Being Bored Won’t Kill You; The Importance of Being Bored

“Mom! I’m bored” moans your child. The pressure is on to come up with something! Are you failing as a parent if you cannot come up with a great idea that your child is excited about? What will happen if your child stays bored, will it inhibit his growth and development?  Today’s parents feel an intense pressure to keep their child from becoming bored. Somehow, parents feel that keeping their child occupied and engaged 24/7 has become part of their job description. It seems as though most childrens’ schedules are busy every minute of the day with school, clubs, groups, tutors, sports, play dates, etc. So when there are a few minutes of down time parents often feel obligated to fill it for their child. At some point, boredom became this dreadful phenomenon that must be addressed immediately, and somewhere along the line it became the parents responsibility, instead of the child, to remedy the situation.  The truth is, boredom can be extremely beneficial for child development. When adults immediately jump in and create a solution to the child’s boredom, we interfere with their chance to be creative and imaginative. Boredom enables self-play, generates creativity, encourages self-engagement, and promotes problem solving skills.  Research suggests that the brain does not slow down and take a rest when we are bored, in contrast boredom shifts activity to the creative and imaginative parts of the brain. In essence, when we are bored and our brain wanders, we come up with our most creative and inventive ideas.  Additionally, being bored and having down time gives our brain time to recharge. Constant stimulation can create “cognitive overload” and inhibit the effectiveness of the brain’s functioning. Although we often give our bodies a break when tired, we rarely allow our brains the same courtesy. As adults, our lunch break tends to involve checking email or browsing social media, and children follow the lead.  When there is a break in activity children are quick to turn on the TV. Sometimes it is beneficial to just stare off into space and let the mind wander.  Boredom can also be a great opportunity for goal setting and planning. It turns out that when your mind is wandering, it is also considering multiple goals and options. A wandering mind is often very future oriented, and can be a good time for children to consider what their options are and what they could do next.  Now that you understand how positive boredom can be, how do you make the switch to allowing your child to sit with their boredom? Here are a few ideas:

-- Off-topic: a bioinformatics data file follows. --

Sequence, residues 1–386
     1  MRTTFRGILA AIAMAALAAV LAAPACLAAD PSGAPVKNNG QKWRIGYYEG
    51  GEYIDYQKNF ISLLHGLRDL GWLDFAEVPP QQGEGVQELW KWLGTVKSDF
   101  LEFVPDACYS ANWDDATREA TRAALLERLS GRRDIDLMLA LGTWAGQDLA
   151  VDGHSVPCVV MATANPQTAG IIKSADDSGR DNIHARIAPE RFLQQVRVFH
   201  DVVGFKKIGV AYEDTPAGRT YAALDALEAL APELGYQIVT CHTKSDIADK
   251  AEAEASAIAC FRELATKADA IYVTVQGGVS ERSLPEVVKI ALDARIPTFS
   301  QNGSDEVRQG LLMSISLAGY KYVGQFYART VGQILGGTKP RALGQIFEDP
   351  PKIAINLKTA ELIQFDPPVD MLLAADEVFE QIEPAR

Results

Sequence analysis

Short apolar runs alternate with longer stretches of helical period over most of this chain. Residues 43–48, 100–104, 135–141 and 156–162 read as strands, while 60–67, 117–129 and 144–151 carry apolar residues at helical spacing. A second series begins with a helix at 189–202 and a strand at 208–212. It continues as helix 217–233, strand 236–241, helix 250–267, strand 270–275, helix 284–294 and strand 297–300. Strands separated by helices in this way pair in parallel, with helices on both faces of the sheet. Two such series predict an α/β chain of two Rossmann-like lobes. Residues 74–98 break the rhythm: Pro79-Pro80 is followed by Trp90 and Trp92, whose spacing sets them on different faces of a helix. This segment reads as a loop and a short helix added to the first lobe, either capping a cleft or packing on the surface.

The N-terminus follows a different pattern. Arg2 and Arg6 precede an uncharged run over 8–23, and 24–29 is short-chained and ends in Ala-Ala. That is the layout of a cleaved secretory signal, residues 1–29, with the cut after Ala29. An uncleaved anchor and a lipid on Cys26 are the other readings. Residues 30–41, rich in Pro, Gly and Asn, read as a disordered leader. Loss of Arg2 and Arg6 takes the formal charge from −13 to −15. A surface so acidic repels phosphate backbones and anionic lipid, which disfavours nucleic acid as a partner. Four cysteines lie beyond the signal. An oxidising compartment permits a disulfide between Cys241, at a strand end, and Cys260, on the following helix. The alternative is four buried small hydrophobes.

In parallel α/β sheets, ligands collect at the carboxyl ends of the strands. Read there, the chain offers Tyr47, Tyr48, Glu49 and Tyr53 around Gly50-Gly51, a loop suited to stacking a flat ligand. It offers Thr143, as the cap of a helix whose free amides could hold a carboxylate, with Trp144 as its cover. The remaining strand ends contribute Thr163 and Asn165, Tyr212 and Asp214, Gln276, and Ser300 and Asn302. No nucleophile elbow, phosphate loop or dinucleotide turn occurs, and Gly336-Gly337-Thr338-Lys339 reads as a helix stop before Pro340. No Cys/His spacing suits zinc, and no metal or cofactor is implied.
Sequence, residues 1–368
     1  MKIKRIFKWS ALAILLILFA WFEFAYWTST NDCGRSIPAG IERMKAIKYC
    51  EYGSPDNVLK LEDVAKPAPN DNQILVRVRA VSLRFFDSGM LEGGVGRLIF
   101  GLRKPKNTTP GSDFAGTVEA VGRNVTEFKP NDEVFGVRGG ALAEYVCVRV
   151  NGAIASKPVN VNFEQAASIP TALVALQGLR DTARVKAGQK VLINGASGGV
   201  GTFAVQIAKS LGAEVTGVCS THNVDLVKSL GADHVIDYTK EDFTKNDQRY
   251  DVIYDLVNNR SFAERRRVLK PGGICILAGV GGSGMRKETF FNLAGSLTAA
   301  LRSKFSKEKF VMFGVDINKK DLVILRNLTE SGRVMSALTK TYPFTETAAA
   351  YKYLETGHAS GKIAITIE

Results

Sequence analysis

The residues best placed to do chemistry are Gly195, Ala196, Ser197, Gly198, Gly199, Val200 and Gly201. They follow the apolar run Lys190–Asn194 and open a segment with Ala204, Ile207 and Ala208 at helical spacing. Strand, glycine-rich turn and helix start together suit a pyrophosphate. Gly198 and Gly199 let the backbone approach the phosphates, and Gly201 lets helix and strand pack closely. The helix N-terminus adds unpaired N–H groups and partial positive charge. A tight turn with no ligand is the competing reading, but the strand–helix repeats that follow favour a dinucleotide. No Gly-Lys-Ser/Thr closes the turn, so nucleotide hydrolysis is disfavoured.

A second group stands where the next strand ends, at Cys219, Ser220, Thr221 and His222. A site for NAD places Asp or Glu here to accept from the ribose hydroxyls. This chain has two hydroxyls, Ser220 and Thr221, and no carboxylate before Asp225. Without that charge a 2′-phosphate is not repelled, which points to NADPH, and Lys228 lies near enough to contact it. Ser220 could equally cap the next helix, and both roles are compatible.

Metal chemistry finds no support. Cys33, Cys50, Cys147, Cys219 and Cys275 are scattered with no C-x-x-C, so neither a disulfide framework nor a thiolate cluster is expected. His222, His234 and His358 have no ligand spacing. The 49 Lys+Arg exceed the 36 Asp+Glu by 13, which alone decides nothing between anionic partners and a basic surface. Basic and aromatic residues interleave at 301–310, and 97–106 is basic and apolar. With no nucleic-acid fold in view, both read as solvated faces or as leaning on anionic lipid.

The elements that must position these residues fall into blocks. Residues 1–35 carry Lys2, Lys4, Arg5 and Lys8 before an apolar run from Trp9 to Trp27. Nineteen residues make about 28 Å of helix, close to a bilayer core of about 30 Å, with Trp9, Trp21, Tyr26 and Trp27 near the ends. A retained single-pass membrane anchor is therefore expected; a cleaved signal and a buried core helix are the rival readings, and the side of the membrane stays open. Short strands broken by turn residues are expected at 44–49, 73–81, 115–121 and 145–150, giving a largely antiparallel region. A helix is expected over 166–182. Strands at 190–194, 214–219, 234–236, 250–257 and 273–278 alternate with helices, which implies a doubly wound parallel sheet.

• Create a list of things to do. Sit down with your child and help them come up with a list of activities they enjoy doing. When they complain about being bored, have them reference the list and choose an activity for themselves – do not pick for them. 
  • Have designated play areas. When children have a play area that was designed just for them, they are more likely to come up with their own games when they are bored. 
  • Create unstructured time. Schedule “free time” for your child, during which they must entertain themselves and choose their own activities. 
  • Encourage outdoor play. Research suggests that children are more likely to create their own games in nature than in structured settings. 
  This may all seem like a daunting, but you are not alone. Therapy can be a helpful space to help your child start learning how to problem solve, think creatively and flexibly, and start to challenge themselves. Parent coaching is also available to support you in smoothly making some changes in the household to cope with boredom and its many beneficial effects. Please reach out for help if you need support in implementing these ideas at home.